• Red Kangaroo
    • Jas Scotia
Jan 13: Lazing on a sunny afternoon

Big news last night with the reappearance of the wandering Black-necked Stork at Tinchi Tamba – the bird stayed until dusk on 12th Jan, and so I set off this morning with a good sense of anticipation. Black-necked Storks are rare, but highly detectable – I wasn’t especially worried about missing it for the year, but always good to get these sorts of wandering species under the belt. Young birds have been seen in the Brisbane area, but there haven’t been any nailed down spots where birds are reliable as far as I know.

Two other cars were already present when I arrived – Stephen Murray and Felicia Chan / Rick Franks. I quickly checked the lagoon from the bridge, and sure enough the stork was there, and it appeared to be struggling with eating something quite large, possibly a duck. Its ghoulish breakfast out of the way, it continued foraging on the lagoon. But my attention quickly turned to looking for Little Grassbird, a very difficult bird in Brisbane. Stephen pointed out a couple of spots where he had been seeing birds over the past few months, but mentioned they rarely seem to call. I circuited the main lagoon, but couldn’t turn up a Little Grassbird. I did flush three Latham’s Snipe, which was nice. At the culvert along the road running east of the lagoon I briefly heard two Spotless Crakes, and saw one very briefly.

After more than 2 hours I gave up on grassbird, but returned home pretty happy to have the stork safe and sound on the list. I reckoned I would be spending more time at this site looking for Little Grassbird during the year.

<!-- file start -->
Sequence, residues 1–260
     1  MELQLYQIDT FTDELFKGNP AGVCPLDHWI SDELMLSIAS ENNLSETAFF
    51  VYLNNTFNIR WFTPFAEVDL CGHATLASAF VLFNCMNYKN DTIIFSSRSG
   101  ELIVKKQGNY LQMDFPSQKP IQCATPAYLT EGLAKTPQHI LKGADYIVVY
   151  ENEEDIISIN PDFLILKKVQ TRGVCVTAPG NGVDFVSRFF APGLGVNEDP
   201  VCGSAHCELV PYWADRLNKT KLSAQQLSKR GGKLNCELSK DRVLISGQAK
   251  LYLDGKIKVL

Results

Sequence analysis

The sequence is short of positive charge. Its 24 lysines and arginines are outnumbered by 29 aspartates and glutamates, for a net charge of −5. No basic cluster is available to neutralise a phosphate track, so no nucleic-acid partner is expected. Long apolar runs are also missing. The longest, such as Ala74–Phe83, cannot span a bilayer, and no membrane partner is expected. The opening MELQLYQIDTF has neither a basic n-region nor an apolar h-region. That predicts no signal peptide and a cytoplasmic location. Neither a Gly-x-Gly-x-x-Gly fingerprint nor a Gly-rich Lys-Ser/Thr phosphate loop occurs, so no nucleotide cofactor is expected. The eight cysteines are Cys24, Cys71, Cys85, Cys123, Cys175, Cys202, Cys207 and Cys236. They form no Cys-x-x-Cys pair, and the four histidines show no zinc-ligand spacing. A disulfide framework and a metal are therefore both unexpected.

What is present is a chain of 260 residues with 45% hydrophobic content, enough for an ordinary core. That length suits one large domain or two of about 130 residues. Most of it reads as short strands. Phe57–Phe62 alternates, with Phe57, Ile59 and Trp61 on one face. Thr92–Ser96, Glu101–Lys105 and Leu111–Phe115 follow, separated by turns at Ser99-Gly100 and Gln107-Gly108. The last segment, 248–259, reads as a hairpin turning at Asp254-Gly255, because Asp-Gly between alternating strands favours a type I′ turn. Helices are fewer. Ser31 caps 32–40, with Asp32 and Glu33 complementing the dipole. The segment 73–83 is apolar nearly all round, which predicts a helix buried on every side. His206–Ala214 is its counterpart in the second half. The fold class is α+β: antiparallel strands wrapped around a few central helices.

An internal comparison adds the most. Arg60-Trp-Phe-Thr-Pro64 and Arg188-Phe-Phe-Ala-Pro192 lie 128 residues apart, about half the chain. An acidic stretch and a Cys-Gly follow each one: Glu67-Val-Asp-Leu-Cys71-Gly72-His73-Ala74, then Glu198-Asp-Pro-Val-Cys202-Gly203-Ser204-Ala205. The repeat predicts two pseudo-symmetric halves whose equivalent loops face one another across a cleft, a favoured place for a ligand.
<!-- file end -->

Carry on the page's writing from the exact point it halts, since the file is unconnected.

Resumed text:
It was a hot, sunny day and we lazed around for much of the afternoon. I was watering the plants in the garden with the kids in the late afternoon, when I suddenly heard the harsh chatter of a Little Wattlebird! I looked up and saw two birds perched in a tree. Grabbing the camera I got a couple of shots. This is a very difficult species on mainland Brisbane – much easier on Moreton Island. I moved in to the present house in June 2017, and have so far had Little Wattlebirds on 1 August, 20 September and 9 October. I’m not sure where they are coming from – perhaps there is a local group of breeding birds somewhere nearby. I’ll have to try and track them down one day. This was the third year tick of the day (Black-necked Stork, Spotless Crake, Little Wattlebird).

My year list at the end of the day was 193 species. I spent 2 hours 13 minutes birding, walked 4.216 km and drove 76.2 km.